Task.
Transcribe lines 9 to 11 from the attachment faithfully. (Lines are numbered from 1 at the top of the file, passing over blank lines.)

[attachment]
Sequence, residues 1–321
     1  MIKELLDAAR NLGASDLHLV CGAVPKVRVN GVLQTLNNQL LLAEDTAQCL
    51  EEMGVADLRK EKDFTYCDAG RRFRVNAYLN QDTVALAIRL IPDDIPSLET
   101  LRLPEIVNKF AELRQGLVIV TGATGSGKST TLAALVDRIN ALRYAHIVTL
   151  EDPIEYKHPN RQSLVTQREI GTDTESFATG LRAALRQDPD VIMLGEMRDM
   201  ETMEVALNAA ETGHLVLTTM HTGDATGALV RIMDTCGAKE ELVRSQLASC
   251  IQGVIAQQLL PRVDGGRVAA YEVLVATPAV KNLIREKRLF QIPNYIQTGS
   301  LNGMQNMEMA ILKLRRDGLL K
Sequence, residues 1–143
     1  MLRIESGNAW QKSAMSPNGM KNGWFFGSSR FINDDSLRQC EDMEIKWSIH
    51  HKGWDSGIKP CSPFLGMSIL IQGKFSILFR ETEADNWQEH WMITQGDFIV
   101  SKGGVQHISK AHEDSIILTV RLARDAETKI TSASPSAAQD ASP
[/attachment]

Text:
Sequence, residues 1–143
     1  MLRIESGNAW QKSAMSPNGM KNGWFFGSSR FINDDSLRQC EDMEIKWSIH
    51  HKGWDSGIKP CSPFLGMSIL IQGKFSILFR ETEADNWQEH WMITQGDFIV